LinkedIn Does KM?

We've been keeping our eye on LinkedIn with the basic assessment that it has great potential, but needs more tools. A network of valuable contacts becomes truly valuable when you can actually do things with it. Recently LinkedIn took another step in adding just these types of tools. When I logged in I noticed some new items on the left-hand nav menu. Near the top is "Company Groups" followed by the name of my firm. Following the firm name link, I am greeted with a higher functioning LinkedIn Group that is already populated with firm contacts. Tabs across the top include: Overview, Q&A, News, Updates, Members and Settings. The Q&A tool allows Fulbright contacts to ask and answer questions within the group. This is a basic KM sharing tool, allowing information requests to be posted and shared. So LinkedIn has deployed a KM tool to our firm. Makes you go ... Hmmmmmm. My first reaction is positive at having a great tool available, but then reason takes over. From the LinkedIn User Agreement:
You do not have to submit anything to us, but if you choose to submit something (including any user generated content, ideas, concepts, techniques and data), you must grant, and you actually grant by concluding the Agreement, a non-exclusive, irrevocable, worldwide, perpetual, unlimited, assignable, sublicenseable, fully paid up and royalty-free right to us to copy, prepare derivative works of, improve, distribute, publish, remove, retain, add, and use and commercialize, in any way now known or in the future discovered, anything that you submit to us, without any further consent, notice and/or compensation to you or any third parties.
Fitting for a Halloween theme. I know I'm scared after reading that. So now I have a powerful KM tool sitting under the nose of 407 firm employees. And if they use it, we risk giving a license to firm IP away to LinkedIn. Now I'm conflicted. Another possible red flag - when you select the "Members" tab you are greeted with the following:
Security Reminder: Only current employees of (the Firm) should appear below. If you see a person that does not belong to this company group, click "Flag this person as..." to anonymously remove them from the group.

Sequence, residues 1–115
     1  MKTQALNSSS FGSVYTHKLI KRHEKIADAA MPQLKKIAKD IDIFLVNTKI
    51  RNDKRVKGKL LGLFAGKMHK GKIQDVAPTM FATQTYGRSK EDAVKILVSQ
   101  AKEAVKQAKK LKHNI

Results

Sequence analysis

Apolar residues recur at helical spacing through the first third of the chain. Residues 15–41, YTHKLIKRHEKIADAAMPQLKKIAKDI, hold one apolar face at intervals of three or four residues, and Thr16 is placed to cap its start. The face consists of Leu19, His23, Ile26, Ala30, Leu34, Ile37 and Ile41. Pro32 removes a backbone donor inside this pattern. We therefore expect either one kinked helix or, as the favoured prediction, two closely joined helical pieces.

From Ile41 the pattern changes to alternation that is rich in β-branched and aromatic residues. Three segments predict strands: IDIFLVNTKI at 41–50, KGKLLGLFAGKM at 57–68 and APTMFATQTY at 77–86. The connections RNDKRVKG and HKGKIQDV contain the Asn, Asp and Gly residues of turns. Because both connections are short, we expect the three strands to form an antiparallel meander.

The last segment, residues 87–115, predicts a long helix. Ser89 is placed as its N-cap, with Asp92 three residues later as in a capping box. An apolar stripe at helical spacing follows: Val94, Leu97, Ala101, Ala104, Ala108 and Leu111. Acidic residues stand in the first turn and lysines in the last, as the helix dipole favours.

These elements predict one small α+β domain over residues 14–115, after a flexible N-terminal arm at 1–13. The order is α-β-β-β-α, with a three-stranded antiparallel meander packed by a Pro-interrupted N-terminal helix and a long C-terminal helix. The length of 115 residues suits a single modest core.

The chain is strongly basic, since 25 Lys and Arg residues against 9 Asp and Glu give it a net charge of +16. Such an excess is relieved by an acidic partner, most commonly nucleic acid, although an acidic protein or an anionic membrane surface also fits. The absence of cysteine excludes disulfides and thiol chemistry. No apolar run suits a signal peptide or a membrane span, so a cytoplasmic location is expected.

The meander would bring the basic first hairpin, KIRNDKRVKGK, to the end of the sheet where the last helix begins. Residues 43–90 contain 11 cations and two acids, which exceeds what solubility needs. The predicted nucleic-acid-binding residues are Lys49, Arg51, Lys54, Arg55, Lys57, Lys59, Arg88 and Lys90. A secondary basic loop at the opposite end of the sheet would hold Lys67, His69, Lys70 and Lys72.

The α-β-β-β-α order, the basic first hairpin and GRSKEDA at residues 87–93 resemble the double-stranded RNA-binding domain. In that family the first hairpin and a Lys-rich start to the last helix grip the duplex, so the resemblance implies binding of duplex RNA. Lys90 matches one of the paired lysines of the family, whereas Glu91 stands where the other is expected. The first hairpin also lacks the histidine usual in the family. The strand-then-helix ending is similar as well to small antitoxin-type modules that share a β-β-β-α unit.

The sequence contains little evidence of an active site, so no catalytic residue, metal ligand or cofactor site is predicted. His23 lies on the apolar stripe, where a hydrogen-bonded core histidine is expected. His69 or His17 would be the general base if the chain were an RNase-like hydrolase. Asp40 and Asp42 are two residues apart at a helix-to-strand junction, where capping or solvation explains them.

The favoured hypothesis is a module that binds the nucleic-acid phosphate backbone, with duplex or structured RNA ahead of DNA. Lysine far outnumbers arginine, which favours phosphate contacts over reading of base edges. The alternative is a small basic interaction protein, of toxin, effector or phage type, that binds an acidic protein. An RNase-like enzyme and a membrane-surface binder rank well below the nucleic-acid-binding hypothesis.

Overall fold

Again, I start off with a positive thought. We can remove anyone falsely claiming to be part of the firm, especially if they appear as an attorney. But then reality comes back. This means the false contacts can flag me for removal. Crap. Which leads us to the bottom line. Even though these are great tools, they are in full control of LinkedIn and not our firm. For lawyers, with a duty to protect client information, this arrangement is problematic. I have to do some more thinking about all of this since I hate to pass on good (and free) technology. Maybe there are ways to resolve the issues I raised. In any event, LinkedIn is charging ahead and taking steps to expand its value to its true potential. We'll keep watching with anticipation, but also with a dose of common sense. P.S. LinkedIn added an "Applications" option too. More on that later.

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Donna Fryer said...

Great post! Now I'm scared too! Creepy huh? Happy Halloween.

Ben Wright said...

EULAs are governed by contract law. Contract law is a two-way street. Just as web administrators and software vendors can communicate to visitors/customers what they assert to be the legal terms, customers can communicate back. In principle, contract law does not favor either administrators or customers. Individuals may be able to use contract law to assert their legal terms on other parties, such as web sites like LinkedIn or search engines. --Ben My ideas are not legal advice for any particular situation; they are just ideas for public discussion.


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